The room smells of beef. A pianist taps out Billy Joel tunes perfunctorily while patrons leave half-empty glasses of beer on the worn spinet.
This all looks familiar. That’s because this used to be Bill’s Gay Nineties, a Midtown Manhattan watering hole dating from 1924, now trimmed to just Bill’s Food & Drink, where all is well as long as you’re drinking hard liquor and not eating much at all.
The new owner, John Delucie and the Crown Group Hospitality, kept a third of the name and even less of the spirit. A bartender nods upon your arrival, then looks back down at his iPhone.
The sommelier suggests a $110 bottle after she tells you a $72 Cotes du Rhone is sold out, then disappears when you balk. Your $30 Bordeaux is topped off with some $26 Barolo (oops!), but it doesn’t really matter, because the stems are too short for proper swirling or smelling. Reds and whites by the glass get the same one-size-fits-all glass. Hey, it’s just a tavern, right?
The $14 Champagne cocktail is advertised as containing “brut Champagne.” Then you watch a staffer pour your drink from a bottle of cheap sparkling wine. Not cool.
A stiff whiskey cocktail helps you forget you’re paying $110 for osso buco. Bottles of champers start at $115. Foie gras starts at $75; compare that with $40 at Per Se, where the price includes tip.
Sure, the foie at Bill’s can feed three, and it’s perfectly seared with a jiggly interior. Still. The kitchen should try an innovative technique to lower the price by 50 percent and cut the foie in half.
Got a corporate Amex? The $66 one-man ribeye is the priciest I’ve seen in New York; it involves a little bit of mineral-tinged meat and a lot of fat. You will leave hungry. And I’ve yet to find a costlier porterhouse for two than Bill’s $125 offering. The beef, purportedly USDA Prime, is slathered with a mound of whipped horseradish lardo tasting of neither ingredient and as bland as if it had come from the neighborhood supermarket.
So our hopes were never high for this revamp, which seems to be striving to replicate celebrity hangouts like Nello or Harry Cipriani, where high prices act as a cover charge to keep out the plebeians.
Shrimp cocktail ($18) should be listed on the menu as seafood jerky, for the strenuous mastication required to consume these crustaceans. Bouillabaisse was gritty and, at $36, overpriced.
Beware the seasonings here. Country sausage is overwhelmed by the flavor of star anise. Tagliatelle bolognese (with a one- note goat ragu) has too much juniper.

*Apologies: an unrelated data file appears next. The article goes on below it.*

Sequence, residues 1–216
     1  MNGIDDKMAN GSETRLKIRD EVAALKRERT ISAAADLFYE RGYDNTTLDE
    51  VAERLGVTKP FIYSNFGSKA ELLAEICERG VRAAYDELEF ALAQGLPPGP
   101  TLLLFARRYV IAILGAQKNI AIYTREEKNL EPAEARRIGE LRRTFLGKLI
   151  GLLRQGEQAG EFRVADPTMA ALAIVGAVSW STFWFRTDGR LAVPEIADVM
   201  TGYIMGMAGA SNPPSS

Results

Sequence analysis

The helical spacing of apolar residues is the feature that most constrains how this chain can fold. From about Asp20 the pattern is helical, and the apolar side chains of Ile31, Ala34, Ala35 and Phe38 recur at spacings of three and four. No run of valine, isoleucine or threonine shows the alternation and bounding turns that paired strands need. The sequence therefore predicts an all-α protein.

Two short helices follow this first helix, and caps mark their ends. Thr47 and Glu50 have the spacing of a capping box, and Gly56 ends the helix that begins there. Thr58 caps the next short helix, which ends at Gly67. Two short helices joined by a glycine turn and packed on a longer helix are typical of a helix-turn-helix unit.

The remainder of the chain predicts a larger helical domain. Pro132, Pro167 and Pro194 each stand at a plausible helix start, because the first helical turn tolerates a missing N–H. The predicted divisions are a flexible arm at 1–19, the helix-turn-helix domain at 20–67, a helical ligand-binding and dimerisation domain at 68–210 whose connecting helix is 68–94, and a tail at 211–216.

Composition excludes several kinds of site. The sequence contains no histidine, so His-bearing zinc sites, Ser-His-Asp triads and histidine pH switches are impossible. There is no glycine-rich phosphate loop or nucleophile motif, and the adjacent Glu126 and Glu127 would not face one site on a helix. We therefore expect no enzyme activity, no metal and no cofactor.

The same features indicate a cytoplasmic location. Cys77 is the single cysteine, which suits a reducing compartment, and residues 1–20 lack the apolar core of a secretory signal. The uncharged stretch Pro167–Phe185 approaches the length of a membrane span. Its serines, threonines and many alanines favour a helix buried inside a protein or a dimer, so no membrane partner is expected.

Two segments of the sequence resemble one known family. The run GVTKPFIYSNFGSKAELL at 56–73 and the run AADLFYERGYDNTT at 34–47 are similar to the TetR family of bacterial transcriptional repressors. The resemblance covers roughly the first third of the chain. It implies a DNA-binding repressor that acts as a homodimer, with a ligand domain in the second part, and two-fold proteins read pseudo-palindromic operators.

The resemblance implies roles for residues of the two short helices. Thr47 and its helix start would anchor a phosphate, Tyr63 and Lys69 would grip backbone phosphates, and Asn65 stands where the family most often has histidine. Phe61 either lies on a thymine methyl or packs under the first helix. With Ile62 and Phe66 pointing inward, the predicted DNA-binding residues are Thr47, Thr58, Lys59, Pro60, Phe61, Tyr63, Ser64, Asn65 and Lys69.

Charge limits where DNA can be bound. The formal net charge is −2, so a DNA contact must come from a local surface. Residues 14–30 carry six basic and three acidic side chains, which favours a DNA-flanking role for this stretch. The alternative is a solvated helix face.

Worst of all is macaroni fagioli, a punishing mush of penne, overcooked beans and bland sausage.
Not everything’s awful. Tuscan kale soup ($14) warms you up. At least the “bacon chop” ($38) doesn’t taste too much like bacon -- you really don’t want an entire chop’s worth of hickory smoke. And cremini mushrooms with escargot butter is an improvement over the typical steakhouse side (though the pommes puree here are fine, too).
Then you order the $69 Dover sole. There’s no tableside deboning, no meuniere. The jet-fueled luxury is crammed onto an under-size plate with ho-hum potato chips and warm celeriac and carrot slaw. The firm filets, stacked atop each other diner- style, have a pan-fry coating more appropriate for a blue-collar flatfish like flounder. This is Dover sole a la cafeteria.
We’re inured to rising costs at New York restaurants. But there’s something particularly dispiriting about Crown Group turning a storied Midtown bar into a spot as exorbitant in its prices as it is in its mediocrity.
Rating: 1/2 *
The Bloomberg Questions
Price: Easily $100 per person or more.
Sound Level: Silent upstairs when it’s justifiably empty.
Date Place: Breakup place.
Special Feature: Great foie gras, despite the $75 price.
Inside Tip: If you must have dessert, go for the Scotch pudding.
Back on My Own Dime: Nope.
Bill’s is at 57 E. 54th St. Information: +1-212-518-2727; http://www.bills54.com.
Sound-Level (in decibels): 51 to 55: Quiet enough to converse. 56 to 60: Speak up. 61 to 65: Lean in if you want to hear your date. 66 to 70: You’re reading one another’s lips. 71 to 75: You’re yelling. 76 to 85: Ear-splitting din.
(Ryan Sutton writes about New York City restaurants for Muse, the arts and leisure section of Bloomberg News. The opinions expressed are his own. Follow him on Tumblr at www.thepricehike.com or www.thebaddeal.com))
To contact the editor responsible for this story: Manuela Hoelterhoff at firstname.lastname@example.org.